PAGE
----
About a Boy

Movie review by
Nell Minow, Common Sense Media
About a Boy Movie Poster Image
Parents recommendPopular with kids
Edgy, sweet book-based dramedy has profanity, mature themes.
  • PG-13
  • 2002
  • 102 minutes

Parents say

age 14+
Based on 7 reviews

Kids say

age 13+
Based on 17 reviews

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The parents' guide to what's in this movie.

Positive Messages

The shallowness of materialism is shown, as is the emptiness of short-term relationships centered exclusively on sexual gratification; traits like thoughtfulness and consideration are shown to be much more desirable and important. Marcus has the conviction to be a vegetarian, and is willing to sing a song in front of his entire school that he knows will isolate him even further and expose him to ridicule because he believes it will make his mother (who is suffering from depression) happy. 

Positive Role Models & Representations

Main character starts out rather selfish, but ends up caring a great deal about Marcus. He's also caught in a lie and comes clean, even though it hurts his chances with a love interest. Bullies at school pick on Marcus because he's different and Marcus handles it with maturity. Characters demonstrate humility and empathy.


Suicide attempt by one character who swallows pills, is shown passed out on a couch. Marcus is harassed/bullied by boys at school-- they kick a soccer ball that hits him in the head, chase him down the street, throw candy at his head. Lead character hit in head with an apple. 


Sexual references -- main character starts as a cad. Mild sex talk between teenagers. 


"F--k." "F--king hell." "S--t." Kids say "s--t," "piss off," "crap" British slang like "bollocks." Molestation insinuations. 


Will cares a lot about fancy products/brands. He purchases a pair of Sketchers shoes for Marcus in the hopes of making him fit in with his classmates. Talk between a mom and son about going to McDonald's to eat a Big Mac. 

Drinking, Drugs & Smoking

Main character's father is shown as an alcoholic, but only in a brief flashback. Beer and wine drinking at holidays or at dinner. Cigarette smoking. 

What parents need to know

Parents need to know that About a Boy is a 2002 movie based on a novel by Nick Hornby in which Hugh Grant plays a self-centered playboy who starts to become a better person after meeting a misfit 14-year-old with a depressed and suicidal mother. There's some strong language (including two uses of "f--k"), including profanity used by teenagers. Some sexual references (Will is an unabashed love-'em-and-leave-'em guy). A parent is clinically depressed and attempts suicide, and her child feels responsible. Another child becomes hysterical about the prospect of his mother dating. Marcus' mother fears that Will has an improper interest in Marcus. There are some brief molestation insinuations. Characters drink and smoke.

User Reviews

  • Parents say
  • Kids say
Adult Written bymoviemadness July 4, 2011

Sweet Family Movie

Known in my family as "Love Actually Lite" this film has all of the great elements of the aforementioned with much less objectionable content. It... Continue reading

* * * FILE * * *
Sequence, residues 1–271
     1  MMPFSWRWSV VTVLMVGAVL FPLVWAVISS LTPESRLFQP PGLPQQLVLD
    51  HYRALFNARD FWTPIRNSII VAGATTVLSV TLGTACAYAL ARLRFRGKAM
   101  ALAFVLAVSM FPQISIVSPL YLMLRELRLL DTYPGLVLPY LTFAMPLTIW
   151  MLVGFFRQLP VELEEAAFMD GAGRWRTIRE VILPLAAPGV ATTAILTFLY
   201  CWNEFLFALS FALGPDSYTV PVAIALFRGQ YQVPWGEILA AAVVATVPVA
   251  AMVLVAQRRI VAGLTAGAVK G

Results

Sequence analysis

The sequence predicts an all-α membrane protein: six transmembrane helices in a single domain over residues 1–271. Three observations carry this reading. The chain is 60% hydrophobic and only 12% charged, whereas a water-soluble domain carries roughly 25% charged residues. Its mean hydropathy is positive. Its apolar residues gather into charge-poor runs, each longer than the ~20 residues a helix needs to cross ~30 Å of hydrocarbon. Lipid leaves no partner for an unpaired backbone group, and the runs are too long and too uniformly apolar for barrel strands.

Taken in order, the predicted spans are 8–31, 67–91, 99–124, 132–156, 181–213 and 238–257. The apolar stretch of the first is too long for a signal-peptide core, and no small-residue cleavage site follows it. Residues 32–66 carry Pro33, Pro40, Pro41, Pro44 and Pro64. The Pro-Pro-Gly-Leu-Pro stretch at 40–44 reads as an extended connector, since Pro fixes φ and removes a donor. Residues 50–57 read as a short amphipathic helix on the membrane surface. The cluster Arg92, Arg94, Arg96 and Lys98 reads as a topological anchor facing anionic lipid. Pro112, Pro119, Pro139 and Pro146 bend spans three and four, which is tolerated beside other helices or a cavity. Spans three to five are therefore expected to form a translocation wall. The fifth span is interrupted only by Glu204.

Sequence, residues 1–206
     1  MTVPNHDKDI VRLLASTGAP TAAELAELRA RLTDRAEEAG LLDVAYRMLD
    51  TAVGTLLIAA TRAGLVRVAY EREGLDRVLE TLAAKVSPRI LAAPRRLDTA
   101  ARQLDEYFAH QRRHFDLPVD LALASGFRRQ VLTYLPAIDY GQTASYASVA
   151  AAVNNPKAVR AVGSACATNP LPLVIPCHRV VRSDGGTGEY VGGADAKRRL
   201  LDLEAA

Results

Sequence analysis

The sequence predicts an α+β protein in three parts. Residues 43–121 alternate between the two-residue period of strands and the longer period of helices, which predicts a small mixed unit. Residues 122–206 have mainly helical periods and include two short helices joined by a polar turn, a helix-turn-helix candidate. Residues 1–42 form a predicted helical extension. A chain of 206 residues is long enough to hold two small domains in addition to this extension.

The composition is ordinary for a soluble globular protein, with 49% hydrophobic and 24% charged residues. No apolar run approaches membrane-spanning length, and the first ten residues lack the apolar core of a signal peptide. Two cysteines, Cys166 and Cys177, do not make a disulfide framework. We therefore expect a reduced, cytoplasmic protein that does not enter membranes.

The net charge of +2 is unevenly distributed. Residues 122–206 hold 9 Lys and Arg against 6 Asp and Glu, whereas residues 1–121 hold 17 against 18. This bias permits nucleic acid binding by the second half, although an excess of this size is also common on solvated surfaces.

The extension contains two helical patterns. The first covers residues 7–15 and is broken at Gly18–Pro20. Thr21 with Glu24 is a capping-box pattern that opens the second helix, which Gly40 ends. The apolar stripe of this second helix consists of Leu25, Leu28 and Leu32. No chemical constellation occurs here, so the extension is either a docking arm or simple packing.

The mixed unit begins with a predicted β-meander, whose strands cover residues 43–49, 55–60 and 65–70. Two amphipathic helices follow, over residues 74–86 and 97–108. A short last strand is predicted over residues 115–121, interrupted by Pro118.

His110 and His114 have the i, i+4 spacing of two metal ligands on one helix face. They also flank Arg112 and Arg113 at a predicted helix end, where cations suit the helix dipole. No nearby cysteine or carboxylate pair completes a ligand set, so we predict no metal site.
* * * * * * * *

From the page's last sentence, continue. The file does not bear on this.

Kid, 11 years old January 1, 2021
Kid, 11 years old March 28, 2020

What's the story?

ABOUT A BOY, based on the book of the same name by Nick Hornby, is the story of a shallow man appropriately named Will Freeman (Hugh Grant) who wants to live life entirely self-contained with no reason to form attachments of any kind. Will's plan to avoid romantic emotional entanglements: single mothers. He decides it's the perfect relationship; they have low expectations and a sympathetic listener can get pretty far with them. So he pretends to be a single parent himself, makes up a 2-year-old son, and attends a support group in order to meet them. At a group picnic, Will meets a 14-year-old named Marcus (Nicholas Hoult). Marcus is isolated but does not want to be. His single mother is severely depressed and even the outcasts at school think he is too much of a dork to hang out with. Marcus just shows up at Will's home every afternoon to watch television and ultimately insists on becoming the closest thing to a friend that Will has ever known.

Is it any good?

The plot may sound like manipulative claptrap from a made-for-TV movie, but the theme has so much appeal that even a lousy script and poor production values can't completely destroy it. But when it's done well -- or even very, very well, as it is here -- it turns into a purely satisfying and enjoyable film.

We know from Bridget Jones's Diary and even Small Time Crooks that Hugh Grant relishes playing a cad. Freed from the obligation to be the perfect boyfriend of Notting Hill-type movies, he gives us a superb performance of great honesty and subtlety and flawless comedy timing. There is a lot in About a Boy for teens and parents to enjoy and discuss.

Talk to your kids about ...

  • Families can talk about the roles of friendship and other relationships in About a Boy and in our lives. Why is it important to Will not to have any relationships? Why are the kids in school so mean to Marcus? How does Will's relationship with Marcus make him more interested in one with Rachel?

  • How are Will and Marcus alike, and how are they different? Is it right for Marcus to believe that it's his responsibility to make his mother feel better? What kind of grown-up will Marcus be? How does helping Marcus change Will's feelings about him?

  • Talk about the definition of "girlfriend" that Will and Marcus discuss -- and Marcus' idea about the importance of having back-up.

  • Talk about depression and its causes and treatments. What can you do if you or someone you know is depressed?

  • How does Will learn empathy and humility in About a Boy? Why are these important character strengths?

Movie details

Our editors recommend

For kids who love to laugh

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